Kids paying board, yes or no

tipitinmick

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I appreciate and respect everything said above Mick.:)....If you haven't got time to get said 'valeting voucher' perhaps mentioning bank holiday valeting rates/costs are double bubble! :love::p......As much as I love my dear wife, her car is her total responsibility....:whistle:
What I didn’t mention Mark is that while I’m outside cleaning my daughters car I’m not having to endure the ‘ women’s ‘ talk. I’d sooner push live wasps up my harris than listen to those two yak. 🤣🤣. I do love em both .... honest. 🙄
 

Total

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What I didn’t mention Mark is that while I’m outside cleaning my daughters car I’m not having to endure the ‘ women’s ‘ talk. I’d sooner push live wasps up my harris than listen to those two yak. 🤣🤣. I do love em both .... honest. 🙄

I just knew the mentioned car cleaning was a 'front' for the real reason mate!.....(The wasp fetish!) ;) :love: :giggle::ROFLMAO:
 

G0zzer2

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I started in 1958 on £5 a week and paid £3 a week board. But I ate like a horse, so I expected to pay. All my mates paid board. And I continued to pay about half until I got married at 28.

That's why I feel that I (and my mates) helped build this country up after WW2. We regarded society as a team effort.
 

The Hitman

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My 19 year old daughter recently started work as an escort for disabled children going to and from school. This is really to gain experience as she couldn't get the practical experience during her last year in college. Depending on which taxi runs she gets she earns between £400 and £500 per month. She pays £60 a month board, some of her friends say they dont have to pay anything. We have started her a pension and £30 a month goes into that. Do you think it's right that kids pay towards their keep ?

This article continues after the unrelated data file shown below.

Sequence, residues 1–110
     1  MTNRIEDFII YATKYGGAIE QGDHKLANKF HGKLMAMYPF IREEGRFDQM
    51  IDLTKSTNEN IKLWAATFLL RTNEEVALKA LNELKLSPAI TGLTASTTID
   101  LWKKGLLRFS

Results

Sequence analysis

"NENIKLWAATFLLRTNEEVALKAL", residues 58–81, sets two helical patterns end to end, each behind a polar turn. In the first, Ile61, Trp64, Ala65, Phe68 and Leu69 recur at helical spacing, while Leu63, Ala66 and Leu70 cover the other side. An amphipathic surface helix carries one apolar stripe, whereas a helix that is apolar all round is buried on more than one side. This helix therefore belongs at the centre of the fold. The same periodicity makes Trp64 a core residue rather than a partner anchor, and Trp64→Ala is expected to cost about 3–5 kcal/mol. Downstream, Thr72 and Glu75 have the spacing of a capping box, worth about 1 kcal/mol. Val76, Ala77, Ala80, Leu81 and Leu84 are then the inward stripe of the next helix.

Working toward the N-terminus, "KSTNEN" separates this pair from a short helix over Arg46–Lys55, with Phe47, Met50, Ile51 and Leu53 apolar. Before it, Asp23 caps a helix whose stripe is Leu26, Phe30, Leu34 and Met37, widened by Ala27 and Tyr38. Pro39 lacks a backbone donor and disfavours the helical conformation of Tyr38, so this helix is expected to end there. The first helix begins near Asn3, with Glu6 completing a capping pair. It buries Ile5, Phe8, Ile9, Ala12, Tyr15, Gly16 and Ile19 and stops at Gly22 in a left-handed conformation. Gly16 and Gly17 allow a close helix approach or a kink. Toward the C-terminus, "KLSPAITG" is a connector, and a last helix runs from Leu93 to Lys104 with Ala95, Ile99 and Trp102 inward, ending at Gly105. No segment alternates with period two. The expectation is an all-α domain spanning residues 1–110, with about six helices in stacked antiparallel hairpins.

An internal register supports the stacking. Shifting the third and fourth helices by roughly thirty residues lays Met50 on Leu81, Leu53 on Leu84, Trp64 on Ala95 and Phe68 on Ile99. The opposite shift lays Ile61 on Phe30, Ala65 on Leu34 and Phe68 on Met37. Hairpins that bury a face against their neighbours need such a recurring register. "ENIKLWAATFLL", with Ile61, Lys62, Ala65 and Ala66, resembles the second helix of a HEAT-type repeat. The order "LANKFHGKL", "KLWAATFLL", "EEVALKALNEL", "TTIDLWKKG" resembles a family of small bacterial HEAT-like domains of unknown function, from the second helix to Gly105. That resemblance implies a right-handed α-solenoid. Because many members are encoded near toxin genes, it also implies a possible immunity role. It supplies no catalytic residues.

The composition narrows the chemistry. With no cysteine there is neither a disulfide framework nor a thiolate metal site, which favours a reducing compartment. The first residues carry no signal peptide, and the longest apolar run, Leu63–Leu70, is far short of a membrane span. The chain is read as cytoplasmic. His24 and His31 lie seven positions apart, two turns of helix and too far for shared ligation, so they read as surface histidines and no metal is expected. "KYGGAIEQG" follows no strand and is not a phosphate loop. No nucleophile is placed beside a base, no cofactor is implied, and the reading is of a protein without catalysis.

100% they should pay board.
 

Scribe

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Definitely should contribute once they start work. I started my first job at 16 straight from school, tell a lie I did have a 'Gap Weekend' in between. :D Having had a paper round and worked in the Summer holiday with a carpet fitter by the time I started work I had a months take home pay saved up. Half my wages went on board as my Mum had raised five lads by herself, so I didn't begrudge a penny,
 

bagpuss

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Charge one of my daughters £100 a month keep it’s a real struggle to get her to pay anything as she’s always late paying and forever got excuses why she can’t pay. Now she’s just informed us that in January she’ll be moving into a flat in Liverpool city centre £700 a month on a twelve month contract. One can’t help think she’s in for a rude awakening😀
 

dry nets

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We didn’t charge our daughter while she was in higher education. To be fair we didn’t charge our son while he was an apprentice. Now we charge them £200 each a month. Lad was greatfull and happily pays, daughter moans about it. She says she’ll never be able to afford her own place. Ungrateful sod earns 3k a month. Lad is carefull and turns things off and won’t waste stuff. Daughter is a pretend vegan (eats chocolate) so she’ll add her special diet into the shopping basket and by coincidence it adds up to more than her board. It means twice the washing up, she doesn’t see it cost for water, gas and electricity. If she carry’s on I’ll give her a deposit to move out.